There are 1,061 names matching your criteria. This is page 4.
CORIANDER f English (Rare)
From the name of the spice, also called cilantro, which may ultimately be of Phoenician origin (via Latin and Greek).
CORMAC m Irish
Possibly derived from Irish Gaelic corb
"raven" or "wheel" and mac
"son". This was the name of a 3rd-century king of Ireland.
CORONA f Late Roman, Italian, Spanish
Means "crown" in Latin, as well as Italian and Spanish. This was the name of a 2nd-century saint who was martyred with her companion Victor.
CORWIN m English
From an English surname, derived from Old French cordoan
"leather", ultimately from the name of the Spanish city of Cordova
COSETTE f French, Literature
From French chosette
meaning "little thing". This is the nickname of the illegitimate daughter of Fantine in Victor Hugo's novel 'Les Misérables' (1862)... [more]
COSIMO m Italian
Italian variant of COSMAS
. A famous bearer was Cosimo de' Medici, the 15th-century founder of Medici rule in Florence, who was a patron of the Renaissance and a successful merchant... [more]
COSMO m English
English form of COSMAS
. It was introduced to Britain in the 18th century by the second Scottish Duke of Gordon, who named his son and successor after his friend Cosimo III de' Medici.
COURTNEY f & m English
From an aristocratic English surname which was derived either from the French place name Courtenay
(originally a derivative of the personal name Curtenus
, itself derived from Latin curtus
"short") or else from a Norman nickname meaning "short nose"... [more]
COY m English
From a surname which meant "quiet, shy, coy" from Middle English coi
CRAIG m Scottish, English
From a Scottish surname which was derived from Gaelic creag
meaning "crag" or "rocks", originally indicating a person who lived near a crag.
CRAWFORD m English
From a surname which was derived from a place name meaning "crow ford" in Old English.
CREE m English (Rare)
From the name of a Native American tribe of central Canada. Their name derives via French from the Cree word kiristino
CREIGHTON m English (Rare)
From a surname which was derived from a place name, originally from Gaelic crioch
"border" combined with Old English tun
CRESCENTIUS m Late Roman
Latin name which was a derivative of the name CRESCENS
. Saint Crescentius was a child martyred in Rome during the persecutions of emperor Diocletian in the early 4th century.
CRESSIDA f Literature
Medieval form of CHRYSEIS
. Various medieval tales describe her as a woman of Troy, daughter of Calchus, who leaves her Trojan lover Troilus for the Greek hero Diomedes... [more]
CRISPIN m English (Rare)
From the Roman cognomen Crispinus
which was derived from the name CRISPUS
. Saint Crispin was a 3rd-century Roman who was martyred with his twin brother Crispinian in Gaul... [more]
CROFTON m English (Rare)
From a surname which was derived from a place name meaning "town with a small enclosed field" in Old English.
CRUZ f & m Spanish, Portuguese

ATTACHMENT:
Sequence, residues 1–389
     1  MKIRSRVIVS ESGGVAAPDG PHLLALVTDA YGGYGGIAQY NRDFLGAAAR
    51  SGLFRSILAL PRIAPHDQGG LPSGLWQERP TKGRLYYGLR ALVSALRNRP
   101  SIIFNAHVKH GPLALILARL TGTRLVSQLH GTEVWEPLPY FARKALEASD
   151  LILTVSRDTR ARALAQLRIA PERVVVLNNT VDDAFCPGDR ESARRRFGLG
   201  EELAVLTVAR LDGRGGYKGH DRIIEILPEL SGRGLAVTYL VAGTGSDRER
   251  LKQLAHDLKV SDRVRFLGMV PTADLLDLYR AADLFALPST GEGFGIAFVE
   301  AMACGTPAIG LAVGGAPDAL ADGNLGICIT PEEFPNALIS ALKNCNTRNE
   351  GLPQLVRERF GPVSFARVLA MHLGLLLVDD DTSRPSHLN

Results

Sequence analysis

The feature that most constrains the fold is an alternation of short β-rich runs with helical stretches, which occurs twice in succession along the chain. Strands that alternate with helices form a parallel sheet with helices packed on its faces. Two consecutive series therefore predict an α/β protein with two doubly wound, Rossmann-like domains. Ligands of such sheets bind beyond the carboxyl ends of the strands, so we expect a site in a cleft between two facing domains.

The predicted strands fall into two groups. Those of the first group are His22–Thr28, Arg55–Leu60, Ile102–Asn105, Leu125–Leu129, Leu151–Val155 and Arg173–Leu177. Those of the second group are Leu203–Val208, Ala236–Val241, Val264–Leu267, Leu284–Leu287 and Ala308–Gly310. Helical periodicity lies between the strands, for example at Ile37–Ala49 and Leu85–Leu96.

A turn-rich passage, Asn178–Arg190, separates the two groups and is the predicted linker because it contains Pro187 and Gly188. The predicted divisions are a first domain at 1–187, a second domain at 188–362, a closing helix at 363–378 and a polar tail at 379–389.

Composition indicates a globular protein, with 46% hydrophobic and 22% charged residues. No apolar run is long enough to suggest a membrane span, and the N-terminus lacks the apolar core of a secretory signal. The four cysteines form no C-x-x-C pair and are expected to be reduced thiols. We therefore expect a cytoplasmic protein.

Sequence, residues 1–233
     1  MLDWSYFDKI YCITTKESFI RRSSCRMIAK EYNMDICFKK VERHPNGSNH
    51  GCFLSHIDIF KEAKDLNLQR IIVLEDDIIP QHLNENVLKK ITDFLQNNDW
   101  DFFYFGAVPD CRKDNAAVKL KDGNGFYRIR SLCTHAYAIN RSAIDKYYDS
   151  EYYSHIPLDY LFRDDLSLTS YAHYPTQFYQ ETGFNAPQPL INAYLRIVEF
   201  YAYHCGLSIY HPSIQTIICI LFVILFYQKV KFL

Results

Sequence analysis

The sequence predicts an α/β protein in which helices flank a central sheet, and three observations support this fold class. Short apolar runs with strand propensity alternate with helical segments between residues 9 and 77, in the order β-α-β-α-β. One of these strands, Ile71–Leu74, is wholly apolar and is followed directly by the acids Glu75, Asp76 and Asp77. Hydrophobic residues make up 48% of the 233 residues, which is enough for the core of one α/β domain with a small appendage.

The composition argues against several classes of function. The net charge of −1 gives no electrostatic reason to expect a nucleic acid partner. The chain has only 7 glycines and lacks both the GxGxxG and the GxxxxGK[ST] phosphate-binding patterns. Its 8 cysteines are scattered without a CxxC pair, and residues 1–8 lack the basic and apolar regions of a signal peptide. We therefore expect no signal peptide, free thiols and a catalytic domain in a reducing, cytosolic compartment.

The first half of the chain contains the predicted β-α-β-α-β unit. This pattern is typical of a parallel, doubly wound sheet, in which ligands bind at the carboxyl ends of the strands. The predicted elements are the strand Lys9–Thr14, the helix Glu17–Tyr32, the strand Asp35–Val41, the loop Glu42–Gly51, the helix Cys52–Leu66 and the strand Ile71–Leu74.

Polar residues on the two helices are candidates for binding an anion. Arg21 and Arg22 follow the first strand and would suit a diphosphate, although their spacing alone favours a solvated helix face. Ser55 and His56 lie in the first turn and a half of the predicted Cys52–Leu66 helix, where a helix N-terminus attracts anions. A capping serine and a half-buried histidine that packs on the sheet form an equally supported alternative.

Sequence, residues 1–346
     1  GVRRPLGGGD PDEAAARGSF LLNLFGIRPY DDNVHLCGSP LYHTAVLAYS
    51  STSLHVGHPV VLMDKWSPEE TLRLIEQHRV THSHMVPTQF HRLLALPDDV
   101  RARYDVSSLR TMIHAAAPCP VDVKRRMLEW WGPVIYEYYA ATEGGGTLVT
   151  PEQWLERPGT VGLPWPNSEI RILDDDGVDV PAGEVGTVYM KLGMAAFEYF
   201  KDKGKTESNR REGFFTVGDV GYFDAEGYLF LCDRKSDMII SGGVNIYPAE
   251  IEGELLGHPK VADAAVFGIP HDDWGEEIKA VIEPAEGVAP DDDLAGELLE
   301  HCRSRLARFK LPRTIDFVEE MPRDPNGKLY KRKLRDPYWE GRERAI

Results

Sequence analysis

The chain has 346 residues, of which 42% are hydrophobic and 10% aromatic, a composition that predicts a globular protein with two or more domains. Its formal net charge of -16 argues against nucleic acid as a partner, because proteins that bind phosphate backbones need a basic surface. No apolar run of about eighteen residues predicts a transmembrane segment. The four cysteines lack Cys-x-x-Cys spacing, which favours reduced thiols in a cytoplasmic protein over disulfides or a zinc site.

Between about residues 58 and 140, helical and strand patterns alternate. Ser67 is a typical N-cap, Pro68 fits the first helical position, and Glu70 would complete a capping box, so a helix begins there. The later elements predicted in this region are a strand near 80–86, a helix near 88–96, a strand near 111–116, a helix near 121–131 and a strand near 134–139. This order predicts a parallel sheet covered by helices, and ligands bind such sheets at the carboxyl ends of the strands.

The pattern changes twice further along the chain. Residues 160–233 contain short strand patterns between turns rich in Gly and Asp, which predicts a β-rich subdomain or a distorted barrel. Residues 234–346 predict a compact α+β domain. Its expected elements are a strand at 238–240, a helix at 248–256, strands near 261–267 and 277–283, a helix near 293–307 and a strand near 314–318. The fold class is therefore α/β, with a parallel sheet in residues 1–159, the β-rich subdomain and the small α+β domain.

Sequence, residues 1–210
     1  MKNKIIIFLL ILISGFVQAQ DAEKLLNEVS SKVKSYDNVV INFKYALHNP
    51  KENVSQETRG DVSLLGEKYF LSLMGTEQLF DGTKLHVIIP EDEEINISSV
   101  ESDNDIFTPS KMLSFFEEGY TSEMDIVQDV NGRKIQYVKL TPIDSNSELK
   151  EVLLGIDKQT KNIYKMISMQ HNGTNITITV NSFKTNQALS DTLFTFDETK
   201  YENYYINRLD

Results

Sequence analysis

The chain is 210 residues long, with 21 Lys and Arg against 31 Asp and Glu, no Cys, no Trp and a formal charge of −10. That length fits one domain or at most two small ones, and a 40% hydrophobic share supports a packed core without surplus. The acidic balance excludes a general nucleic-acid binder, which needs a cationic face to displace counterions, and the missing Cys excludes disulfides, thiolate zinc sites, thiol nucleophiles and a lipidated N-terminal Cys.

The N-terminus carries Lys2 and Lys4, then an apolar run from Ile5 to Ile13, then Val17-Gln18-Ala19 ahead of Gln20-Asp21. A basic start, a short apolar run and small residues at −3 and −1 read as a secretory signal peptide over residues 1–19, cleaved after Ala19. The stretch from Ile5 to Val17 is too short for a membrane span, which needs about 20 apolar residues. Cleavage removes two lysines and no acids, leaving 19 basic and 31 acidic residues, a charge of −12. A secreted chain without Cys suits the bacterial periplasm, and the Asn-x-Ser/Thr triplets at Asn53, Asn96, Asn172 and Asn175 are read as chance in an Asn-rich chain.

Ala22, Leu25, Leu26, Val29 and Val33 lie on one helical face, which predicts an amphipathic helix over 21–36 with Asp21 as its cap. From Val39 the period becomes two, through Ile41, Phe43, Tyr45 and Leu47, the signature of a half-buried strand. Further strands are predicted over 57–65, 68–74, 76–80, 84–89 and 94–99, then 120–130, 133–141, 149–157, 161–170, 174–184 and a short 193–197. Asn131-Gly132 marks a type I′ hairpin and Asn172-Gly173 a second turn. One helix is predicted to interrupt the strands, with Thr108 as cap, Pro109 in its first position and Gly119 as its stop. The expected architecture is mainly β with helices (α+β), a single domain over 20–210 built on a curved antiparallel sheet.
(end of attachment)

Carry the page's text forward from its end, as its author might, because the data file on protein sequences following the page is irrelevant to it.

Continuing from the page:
Means "cross" in Spanish or Portuguese, referring to the cross of the crucifixion.
CRYSTAL f English
From the English word crystal
for the clear, colourless glass, sometimes cut into the shape of a gemstone. The English word derives ultimately from Greek κρυσταλλος (krystallos)
meaning "ice"... [more]
CSABA m Hungarian
Possibly means either "shepherd" or "gift" in Hungarian. According to legend this was the name of the son of Attila
CSENGE f Hungarian
Possibly derived from Hungarian cseng
meaning "to ring, to clang".
CSILLA f Hungarian
Derived from Hungarian csillag
meaning "star". This name was created by the Hungarian poet Mihály Vörösmarty in the 19th century.
CUÁN m Irish
Means "little wolf" or "little hound" from the Irish element cú
"wolf, hound" combined with a diminutive suffix.
CUAUHTÉMOC m Native American, Nahuatl
Means "falling eagle" in Nahuatl. This was the name of the last Aztec emperor, ruling until he was captured and executed by the Spanish conquistador Hernán Cortés in the year 1525.
CÚCHULAINN m Irish Mythology
Means "hound of Culann" in Irish. This was the usual name of the warrior hero who was named Sétanta at birth, given to him because he took the place of one of Culann's hounds after he accidentally killed it... [more]
CUIMÍN m Irish
Possibly from Celtic cam
meaning "bent, crooked". This was the name of a 6th-century Irish saint.
CUPID m Roman Mythology
Derived from Latin cupido
meaning "desire". He was the Roman god of love, the son of Venus
. He was portrayed as a winged, blindfolded boy, armed with a bow and arrows which caused the victim to fall in love... [more]
CURTIS m English
From an English surname which originally meant "courteous" in Old French.
CUSTODIO m Spanish
Means "guardian" in Spanish, from Latin custodia
CVETKA f Slovene
Derived from Slovene cvet
meaning "blossom, flower".
CYBILL f English (Rare)
Variant of SIBYL
. This name was borne by actress Cybill Shepherd (1950-), who was named after her grandfather Cy and her father Bill.
CYNWRIG m Ancient Celtic
Derived from Welsh cyn
meaning "chief" and gwr
meaning "hero, man", plus the suffix -ig
indicating "has the quality of".
CYPRIAN m History
From the Roman family name Cyprianus
which meant "from Cyprus" in Latin. Saint Cyprian was a 3rd-century bishop of Carthage and a martyr under the emperor Valerian.
CYRA f History
Meaning unknown. Saint Cyra was a 5th-century Syrian hermit who was martyred with her companion Marana.
CYRANO m Literature < Previous Page
Possibly derived from the name of the ancient Greek city of Cyrene, which was located in North Africa. Edmond Rostand used this name in his play 'Cyrano de Bergerac' (1897)... [more]